In the end, I chose Authentic for my first taste of professional printing. They do Artist Prints and I had seen that a photographer that I knew through his pictures (I forgot his name) had used them for his prints. Their website is very nice, allowing you to get an online instant price offer based on the size and material that you want for your print. They use a calibrated workflow and their upload server automatically recognizes the ICC profile that you attach to your files. Using their uploading system went smoothly, with very useful interactive help along the whole process. Within a few minutes, my three files (each about 25 Mb) were uploaded and ready for entering their workflow. You may choose the size, resolution, material, mount, and hanging system for each of your image independently. You can also have labels printed and pasted on the back of your picture (free of charge). you can also leave a comment if you have specific requirements for your image. And you have the possibility of receiving a proof, either on paper (by mail) or electronically (a calibrated jpg, you need a calibrated screen to use this option reliably).
It is even possible go to the workshop and sign on your print before the final mount.

My order was originally for three 60×90 cm prints on Fuji paper mounted on 3 mm thick Dibond. As I had asked (in the comments) to get a ‘luminous result’, I was contacted by Mr Van Rossem to propose some changes to my initial order to obtain the best result. The price was about 25 % more expensive but he convinced me that it would give me a result closer to my wishes. In the end, I went for the same size but on Fujiflex paper, with a Diasec finish and mounted on 3 mm thick Dibond. At 201 Eur a piece (taxes included), this was certainly not cheap but I wanted to put all chances on my side for the competition that I wanted to enter.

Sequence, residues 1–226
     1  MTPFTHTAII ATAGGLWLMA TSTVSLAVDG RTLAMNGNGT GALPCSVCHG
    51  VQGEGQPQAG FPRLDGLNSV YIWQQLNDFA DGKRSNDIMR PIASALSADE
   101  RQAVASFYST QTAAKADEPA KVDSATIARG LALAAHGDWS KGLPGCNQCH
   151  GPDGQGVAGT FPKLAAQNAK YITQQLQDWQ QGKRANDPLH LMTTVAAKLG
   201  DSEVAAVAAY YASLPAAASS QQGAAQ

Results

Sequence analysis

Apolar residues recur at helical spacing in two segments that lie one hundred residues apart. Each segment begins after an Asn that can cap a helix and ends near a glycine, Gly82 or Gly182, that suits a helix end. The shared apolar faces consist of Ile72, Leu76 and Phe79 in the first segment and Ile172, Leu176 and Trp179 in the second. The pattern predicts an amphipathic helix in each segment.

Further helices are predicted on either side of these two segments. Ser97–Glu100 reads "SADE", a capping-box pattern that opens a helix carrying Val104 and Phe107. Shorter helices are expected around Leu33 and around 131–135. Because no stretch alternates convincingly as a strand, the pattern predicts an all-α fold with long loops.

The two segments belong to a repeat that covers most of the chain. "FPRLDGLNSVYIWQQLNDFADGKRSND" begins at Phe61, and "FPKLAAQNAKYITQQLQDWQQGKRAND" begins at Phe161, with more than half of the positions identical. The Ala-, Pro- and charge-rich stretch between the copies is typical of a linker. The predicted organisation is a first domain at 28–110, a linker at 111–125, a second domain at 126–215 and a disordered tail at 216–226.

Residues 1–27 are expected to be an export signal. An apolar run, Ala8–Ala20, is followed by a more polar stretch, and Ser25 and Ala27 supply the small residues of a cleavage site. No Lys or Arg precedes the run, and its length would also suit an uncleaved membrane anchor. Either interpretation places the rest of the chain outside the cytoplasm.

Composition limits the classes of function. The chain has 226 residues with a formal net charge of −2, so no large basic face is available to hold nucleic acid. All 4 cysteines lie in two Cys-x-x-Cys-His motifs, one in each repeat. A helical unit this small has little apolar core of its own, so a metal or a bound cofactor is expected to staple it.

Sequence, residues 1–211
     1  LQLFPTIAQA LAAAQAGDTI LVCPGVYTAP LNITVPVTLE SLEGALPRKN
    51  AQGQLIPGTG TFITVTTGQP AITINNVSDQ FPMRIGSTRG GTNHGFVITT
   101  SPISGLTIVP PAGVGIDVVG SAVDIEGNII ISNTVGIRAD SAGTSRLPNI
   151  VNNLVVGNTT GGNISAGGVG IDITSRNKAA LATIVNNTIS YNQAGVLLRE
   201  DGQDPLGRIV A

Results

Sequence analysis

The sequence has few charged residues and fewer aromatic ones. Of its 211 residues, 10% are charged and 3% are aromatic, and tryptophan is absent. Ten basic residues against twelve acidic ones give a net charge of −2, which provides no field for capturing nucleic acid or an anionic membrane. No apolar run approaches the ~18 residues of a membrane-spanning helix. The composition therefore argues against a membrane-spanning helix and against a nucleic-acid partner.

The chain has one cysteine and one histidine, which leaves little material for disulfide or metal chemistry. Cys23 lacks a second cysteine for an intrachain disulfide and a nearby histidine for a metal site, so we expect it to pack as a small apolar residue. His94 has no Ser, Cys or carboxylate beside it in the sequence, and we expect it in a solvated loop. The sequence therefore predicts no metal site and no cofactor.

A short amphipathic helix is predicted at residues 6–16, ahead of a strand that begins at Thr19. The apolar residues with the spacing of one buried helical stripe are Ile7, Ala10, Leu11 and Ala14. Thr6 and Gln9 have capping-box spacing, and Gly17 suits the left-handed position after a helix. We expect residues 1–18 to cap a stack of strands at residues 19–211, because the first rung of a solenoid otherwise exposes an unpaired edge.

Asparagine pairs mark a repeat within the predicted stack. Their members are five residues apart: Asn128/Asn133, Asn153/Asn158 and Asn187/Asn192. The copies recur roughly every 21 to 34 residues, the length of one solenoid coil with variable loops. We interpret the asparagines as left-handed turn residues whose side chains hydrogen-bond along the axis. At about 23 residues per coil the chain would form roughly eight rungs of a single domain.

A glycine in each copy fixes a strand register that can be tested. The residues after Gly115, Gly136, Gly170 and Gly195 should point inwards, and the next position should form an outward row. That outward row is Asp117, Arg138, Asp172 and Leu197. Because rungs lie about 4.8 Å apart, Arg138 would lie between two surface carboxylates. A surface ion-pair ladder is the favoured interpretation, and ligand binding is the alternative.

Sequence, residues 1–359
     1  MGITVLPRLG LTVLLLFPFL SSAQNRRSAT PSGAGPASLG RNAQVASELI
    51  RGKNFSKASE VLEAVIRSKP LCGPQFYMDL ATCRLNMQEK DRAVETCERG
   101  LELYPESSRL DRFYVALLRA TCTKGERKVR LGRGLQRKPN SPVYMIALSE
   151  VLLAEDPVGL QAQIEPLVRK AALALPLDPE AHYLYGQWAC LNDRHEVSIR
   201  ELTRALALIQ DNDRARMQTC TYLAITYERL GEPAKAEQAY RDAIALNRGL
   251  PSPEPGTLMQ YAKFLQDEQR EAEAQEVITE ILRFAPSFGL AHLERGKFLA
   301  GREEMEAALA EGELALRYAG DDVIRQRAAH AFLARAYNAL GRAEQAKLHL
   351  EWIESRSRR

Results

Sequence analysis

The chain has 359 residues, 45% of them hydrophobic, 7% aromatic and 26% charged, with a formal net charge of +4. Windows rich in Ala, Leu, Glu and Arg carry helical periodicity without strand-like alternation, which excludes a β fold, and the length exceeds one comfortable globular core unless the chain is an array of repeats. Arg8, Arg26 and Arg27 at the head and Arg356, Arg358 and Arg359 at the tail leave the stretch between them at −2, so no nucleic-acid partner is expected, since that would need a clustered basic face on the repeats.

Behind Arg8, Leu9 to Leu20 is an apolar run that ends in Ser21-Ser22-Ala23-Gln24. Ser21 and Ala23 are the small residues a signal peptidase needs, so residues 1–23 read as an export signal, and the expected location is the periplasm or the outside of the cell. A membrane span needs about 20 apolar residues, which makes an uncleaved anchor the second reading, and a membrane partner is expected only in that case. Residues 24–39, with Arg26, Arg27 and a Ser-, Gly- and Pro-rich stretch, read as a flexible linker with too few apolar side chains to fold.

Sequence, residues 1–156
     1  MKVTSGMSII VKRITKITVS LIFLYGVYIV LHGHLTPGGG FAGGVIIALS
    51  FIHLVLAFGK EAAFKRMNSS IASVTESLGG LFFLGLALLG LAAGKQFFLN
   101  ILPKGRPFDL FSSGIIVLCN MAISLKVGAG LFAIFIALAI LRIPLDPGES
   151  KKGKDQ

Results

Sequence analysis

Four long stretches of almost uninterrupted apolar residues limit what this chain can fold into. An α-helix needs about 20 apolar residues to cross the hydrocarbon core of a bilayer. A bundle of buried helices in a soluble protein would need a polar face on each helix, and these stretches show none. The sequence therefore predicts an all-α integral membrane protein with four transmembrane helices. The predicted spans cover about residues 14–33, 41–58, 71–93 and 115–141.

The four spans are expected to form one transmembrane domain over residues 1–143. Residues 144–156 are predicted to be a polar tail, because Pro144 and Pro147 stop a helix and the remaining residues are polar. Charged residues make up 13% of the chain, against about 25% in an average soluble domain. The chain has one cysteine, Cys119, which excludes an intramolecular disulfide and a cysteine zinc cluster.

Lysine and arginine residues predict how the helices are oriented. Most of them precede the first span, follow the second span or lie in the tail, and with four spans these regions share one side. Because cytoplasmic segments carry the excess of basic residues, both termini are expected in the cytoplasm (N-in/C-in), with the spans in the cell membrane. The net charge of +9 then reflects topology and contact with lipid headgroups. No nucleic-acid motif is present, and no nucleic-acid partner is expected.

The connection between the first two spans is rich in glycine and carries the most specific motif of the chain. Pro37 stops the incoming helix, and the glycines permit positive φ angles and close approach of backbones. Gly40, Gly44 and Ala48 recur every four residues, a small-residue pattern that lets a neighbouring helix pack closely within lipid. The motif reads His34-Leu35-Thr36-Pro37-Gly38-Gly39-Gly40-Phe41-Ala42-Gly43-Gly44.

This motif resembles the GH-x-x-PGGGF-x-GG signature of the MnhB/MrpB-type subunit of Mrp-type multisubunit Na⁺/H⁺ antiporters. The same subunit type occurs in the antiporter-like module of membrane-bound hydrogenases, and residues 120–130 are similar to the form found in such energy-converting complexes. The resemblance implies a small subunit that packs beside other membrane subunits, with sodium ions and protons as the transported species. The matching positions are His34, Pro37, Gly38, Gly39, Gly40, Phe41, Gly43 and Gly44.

The next working day, I received an email with the detailed planning for my prints. At each step of the process, I received an email showing the next steps and what I had to do, such as approve the handling and delivery charges, approve the softproof that I had asked for, or make a payment – an unavoidable step in the process :-). The planning was very precise and this was very useful to plan when I would go to the workshop itself to get my prints. In the end, they were ready a little bit earlier than planned! It took less than two working weeks to have my prints ready: I ordered on a Sunday evening, received the planning on the Monday, had some additional discussion about my order on the Tuesday and the prints were available for me a week later, on Thursday afternoon. Another print that I had ordered at the same time with another finish (Direct print on 3 mm thick Dibond) was ready much faster, in only 4 days (order on Sunday evening, ready by the following Thursday).